The second exercise explores beliefs we have regarding health and disease. It begins with a few questions regarding how illness was dealt with during childhood and how early beliefs on this topic are impacting us today. I actually don’t remember being sick much as a child, at least not any more than average. When I was sick, however, I remember enjoying the attention and nurturing I received from my mother and being able to stay home from school and watch television all day. Although I didn’t like being sick, I think I welcomed the break from the pressures of school and the social challenges of being a shy and insecure child in the sea of judgment and conformity that was middle school and high school.
Illness as a “Good Excuse”
It is likely that during my childhood, I internalized the belief that illness can serve as a good excuse for avoiding responsibility and for not having to do things we don’t want to do. I also learned that sickness can earn one the attention and sympathy of others. I don’t believe that I consciously create illnesses so that I don’t have to do certain things, but I acknowledge that my health conditions have served as valid excuses for bowing out of commitments.
One change I would like to make is to become more adept at being assertive and speaking up for myself and my needs with others. If I can more adequately voice my needs and wants, I won’t need to generate illnesses to speak for me. I have written a lot more about this topic in my post titled “Illness as Avoidance.”
Two Powerful Health Inquiries
The exercise ends with two powerful inquiries concerning how we have contributed to the state of our health and how we would like our health to change. I acknowledged that I often don’t take care of myself as well as I should in terms of getting enough sleep and eating nutritious foods. Although I have made definite improvements on both fronts, I know that I still need to work on improving my rest and nutrition.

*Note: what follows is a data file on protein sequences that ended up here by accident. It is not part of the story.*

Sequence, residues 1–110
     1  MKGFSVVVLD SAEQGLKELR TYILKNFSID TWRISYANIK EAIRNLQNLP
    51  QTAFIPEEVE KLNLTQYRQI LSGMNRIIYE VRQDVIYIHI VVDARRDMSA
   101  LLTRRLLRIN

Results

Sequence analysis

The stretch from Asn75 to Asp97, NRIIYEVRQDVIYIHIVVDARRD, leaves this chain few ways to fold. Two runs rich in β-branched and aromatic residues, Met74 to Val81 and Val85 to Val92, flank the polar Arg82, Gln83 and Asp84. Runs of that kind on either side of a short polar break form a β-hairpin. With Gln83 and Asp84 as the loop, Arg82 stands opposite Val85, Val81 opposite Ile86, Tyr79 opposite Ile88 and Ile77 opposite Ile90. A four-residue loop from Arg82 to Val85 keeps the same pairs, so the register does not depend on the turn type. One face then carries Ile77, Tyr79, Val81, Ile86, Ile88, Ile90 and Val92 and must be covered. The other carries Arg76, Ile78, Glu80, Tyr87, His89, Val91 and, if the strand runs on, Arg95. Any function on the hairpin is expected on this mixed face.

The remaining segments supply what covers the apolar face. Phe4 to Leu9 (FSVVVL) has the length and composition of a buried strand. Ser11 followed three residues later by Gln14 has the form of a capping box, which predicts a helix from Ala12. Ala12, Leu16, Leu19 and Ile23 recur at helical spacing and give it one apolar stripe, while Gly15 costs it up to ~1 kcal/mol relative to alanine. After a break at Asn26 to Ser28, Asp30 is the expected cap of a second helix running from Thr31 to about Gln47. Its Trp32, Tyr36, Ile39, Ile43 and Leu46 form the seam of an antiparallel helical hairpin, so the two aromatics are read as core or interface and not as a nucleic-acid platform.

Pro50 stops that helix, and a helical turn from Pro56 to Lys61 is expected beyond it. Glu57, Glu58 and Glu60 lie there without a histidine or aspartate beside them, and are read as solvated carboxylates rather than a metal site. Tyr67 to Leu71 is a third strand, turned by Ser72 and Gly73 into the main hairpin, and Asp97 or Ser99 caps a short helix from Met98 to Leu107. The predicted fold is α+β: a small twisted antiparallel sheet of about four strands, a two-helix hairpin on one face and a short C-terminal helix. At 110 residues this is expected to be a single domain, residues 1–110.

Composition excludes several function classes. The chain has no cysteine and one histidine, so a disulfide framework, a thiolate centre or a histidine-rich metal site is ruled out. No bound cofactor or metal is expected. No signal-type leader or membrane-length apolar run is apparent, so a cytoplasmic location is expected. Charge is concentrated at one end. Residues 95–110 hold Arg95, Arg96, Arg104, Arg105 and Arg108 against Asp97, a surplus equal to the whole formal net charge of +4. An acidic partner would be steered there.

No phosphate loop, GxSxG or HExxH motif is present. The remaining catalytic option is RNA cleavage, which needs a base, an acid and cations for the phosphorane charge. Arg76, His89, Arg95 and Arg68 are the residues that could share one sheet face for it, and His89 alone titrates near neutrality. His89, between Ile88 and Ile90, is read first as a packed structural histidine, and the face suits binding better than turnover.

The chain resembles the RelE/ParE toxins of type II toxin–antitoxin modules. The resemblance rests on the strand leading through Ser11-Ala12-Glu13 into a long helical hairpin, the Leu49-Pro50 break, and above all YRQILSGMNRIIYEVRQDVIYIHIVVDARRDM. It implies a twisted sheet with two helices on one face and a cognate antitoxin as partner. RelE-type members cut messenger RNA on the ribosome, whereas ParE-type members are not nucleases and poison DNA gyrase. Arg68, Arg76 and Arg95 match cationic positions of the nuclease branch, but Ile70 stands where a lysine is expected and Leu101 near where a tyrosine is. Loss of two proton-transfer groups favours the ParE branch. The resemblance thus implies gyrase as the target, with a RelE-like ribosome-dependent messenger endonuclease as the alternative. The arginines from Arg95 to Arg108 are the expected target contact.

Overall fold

I also need to change my inner dialogue about my body, as my poor body image adversely affects my health. Body image is such a large issue for me that I started a second blog called Body Image Rehab, which deals exclusively with this topic. I invite anyone who suffers from body image issues to visit this blog and work on healing your negative body image along with me.
There are many ways in which I would like my health to change. Basically, I am looking for close to a 180 degree shift in this area. I feel that I have far too many health challenges and although I’m grateful that none of them are life-threatening, they do adversely affect my life. I feel sick in some way (and often multiple ways…) each and every day and this impinges upon my life and decreases my happiness and well-being. I strive to remain positive and upbeat, but that can be challenging in the face of ongoing physical pain and discomfort. I’m definitely in need of some major healing and transformation!
No Longer a Victim
I no longer feel that I’m a victim to my illnesses. I realize that I have more power than I previously acknowledged. I am definitely willing to release the need in me that has created my various health conditions. I am also willing to do the work necessary to turn things around for the better, and to involve my body, mind, and spirit in the healing process. I know that I will be in a much better place by the time 2011 rolls around. My healing project will be a success!